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Almost £500m has been invested in British cyber security startups in 2020 in spite of the economic slump caused by the Covid-19 coronavirus pandemic, with the investment well on track to breaking the funding record of £521m set just last year.
This is according to statistics produced by government backed security programme Lorca – the London Office for Rapid Cybersecurity Advancement – which has just published its report, The Lorca report 2020, analysing the UK’s security startup ecosystem.
The figures make for a bleak contrast when compared to the wider startup economy in the UK, which has seen investment levels plummet by half compared to 2019.
“The UK’s cyber security sector has grown tremendously in the past few years and has the potential to be right at the heart of our economic success. We have leading research institutions, technical innovation from startups and government-led bodies and growing engagement from investors and business leaders,” said Saj Huq, Lorca programme director.
“The global pandemic has highlighted the importance of cyber security, with the transition to remote working, sharing of sensitive medical data and increased collaboration between the private and public sector all transforming the risk landscape.
“Startups are uniquely placed to address these emerging challenges. Our world-leading fintech industry rose out of the recession of 2008; with the right support, cyber security can be the country’s next global success story,” said Huq.
Digital minister Matt Warman added: “It is great to see these new statistics. The tech sector will play a vital role powering an economic recovery out of the pandemic and the cyber security industry plays an important role keeping people safe online.
“We are backing our innovative firms to develop cutting-edge solutions and keep one step ahead of tomorrow’s security threats through our National Cyber Security Strategy.”
However, said Lorca, the overall figures mask a stark disparity between smaller, nascent startups and more mature firms that has already been identified in the wider startup ecosystem as well.
So far in 2020, mature cyber security companies have dominated funding rounds, with those at the seed and venture stages securing only 6% of the total investment in security startups. And less than 1% of the total investment in security startups was received by firms securing first-time funding, highlighting a focus from investors on growth stage companies.
This is not, however, wholly Covid-19 related, being a continuation of a trend seen in 2019, when 68% of funding was taken by more mature firms.
Lorca said this may hamper the development of many innovative companies in the security sector, with only 21 seed and venture stage startups funded so far this year, down over both 2019 and 2018. The research also discovered that 46% of cyber security startups incorporated between 2014 and 2015 remained at the seed stage, higher than their peers in artificial intelligence (AI) and fintech.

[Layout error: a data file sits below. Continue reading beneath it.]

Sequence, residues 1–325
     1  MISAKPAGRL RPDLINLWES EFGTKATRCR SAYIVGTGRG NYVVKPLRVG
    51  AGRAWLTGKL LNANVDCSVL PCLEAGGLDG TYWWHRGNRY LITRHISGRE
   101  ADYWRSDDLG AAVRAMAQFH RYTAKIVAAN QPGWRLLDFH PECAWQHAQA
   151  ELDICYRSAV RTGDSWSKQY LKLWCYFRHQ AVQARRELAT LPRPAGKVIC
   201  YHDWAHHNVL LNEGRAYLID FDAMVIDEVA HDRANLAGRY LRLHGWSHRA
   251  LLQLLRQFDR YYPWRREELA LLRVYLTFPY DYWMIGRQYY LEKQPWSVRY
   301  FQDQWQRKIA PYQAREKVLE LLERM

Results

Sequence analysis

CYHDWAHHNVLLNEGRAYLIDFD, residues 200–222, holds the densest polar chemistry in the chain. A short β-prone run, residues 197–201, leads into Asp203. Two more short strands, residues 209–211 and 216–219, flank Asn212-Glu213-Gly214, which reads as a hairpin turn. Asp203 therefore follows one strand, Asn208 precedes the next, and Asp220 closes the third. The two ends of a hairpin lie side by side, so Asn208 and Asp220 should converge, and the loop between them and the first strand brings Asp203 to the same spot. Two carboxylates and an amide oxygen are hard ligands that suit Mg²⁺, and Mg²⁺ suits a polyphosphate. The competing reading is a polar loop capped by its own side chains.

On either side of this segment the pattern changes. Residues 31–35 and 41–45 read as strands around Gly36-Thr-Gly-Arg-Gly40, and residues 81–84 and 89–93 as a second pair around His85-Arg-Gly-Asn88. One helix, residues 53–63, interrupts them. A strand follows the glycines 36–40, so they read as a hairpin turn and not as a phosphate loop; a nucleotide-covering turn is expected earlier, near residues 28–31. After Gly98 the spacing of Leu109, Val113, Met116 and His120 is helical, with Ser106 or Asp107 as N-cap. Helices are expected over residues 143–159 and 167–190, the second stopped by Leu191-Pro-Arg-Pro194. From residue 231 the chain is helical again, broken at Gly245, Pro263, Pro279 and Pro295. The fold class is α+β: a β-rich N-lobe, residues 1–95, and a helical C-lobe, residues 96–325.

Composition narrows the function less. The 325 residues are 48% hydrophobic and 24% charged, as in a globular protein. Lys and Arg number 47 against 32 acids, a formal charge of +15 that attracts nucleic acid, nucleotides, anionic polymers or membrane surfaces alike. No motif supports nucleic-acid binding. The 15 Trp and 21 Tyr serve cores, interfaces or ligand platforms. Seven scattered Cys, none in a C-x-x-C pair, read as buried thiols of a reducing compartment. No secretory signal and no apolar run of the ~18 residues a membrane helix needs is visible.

“The ecosystem is still nascent and obstacles remain to its continued growth. Access to funding for early-stage startups is clearly the biggest hurdle that must be overcome for the UK to compete on the world stage,” said Huq.
Lorca said there were a couple of challenges facing the security startup ecosystem that may be exacerbating this problem. First, it said, investors sometimes find the market complex to navigate, and VCs are called on to evaluate so many different technologies that it is hard to stand out.
Second, the Covid-19 pandemic seems to be pushing investment downhill towards later stage companies, shrinking the number of investors with cash to throw at pre-seed and Series A startups. Huq said addressing this shortfall would be crucial and warned that the UK could face losing a generation of security entrepreneurs.
Lorca identified three further challenges or trends that if addressed, could give a boost to UK security startups. First, the sector has become crowded and complex and is in need of consolidation, with CISOs prioritising products that they can easily integrate into an existing stack, pushing the industry towards platform plays and product ecosystems controlled by larger players.
Second, it said, access to cyber security is uneven, particularly when it comes to small businesses and organisations such as charities, which present an underserved segment of the economy. By addressing their needs, startups could play a key role in bridging the digital divide and making security more accessible.
Last, consumers are increasingly engaging with digital technology – especially during the pandemic – and putting themselves at risk from a security perspective. The market for individual consumer products is nascent, but this is likely to change, and startups could be at the forefront of this.
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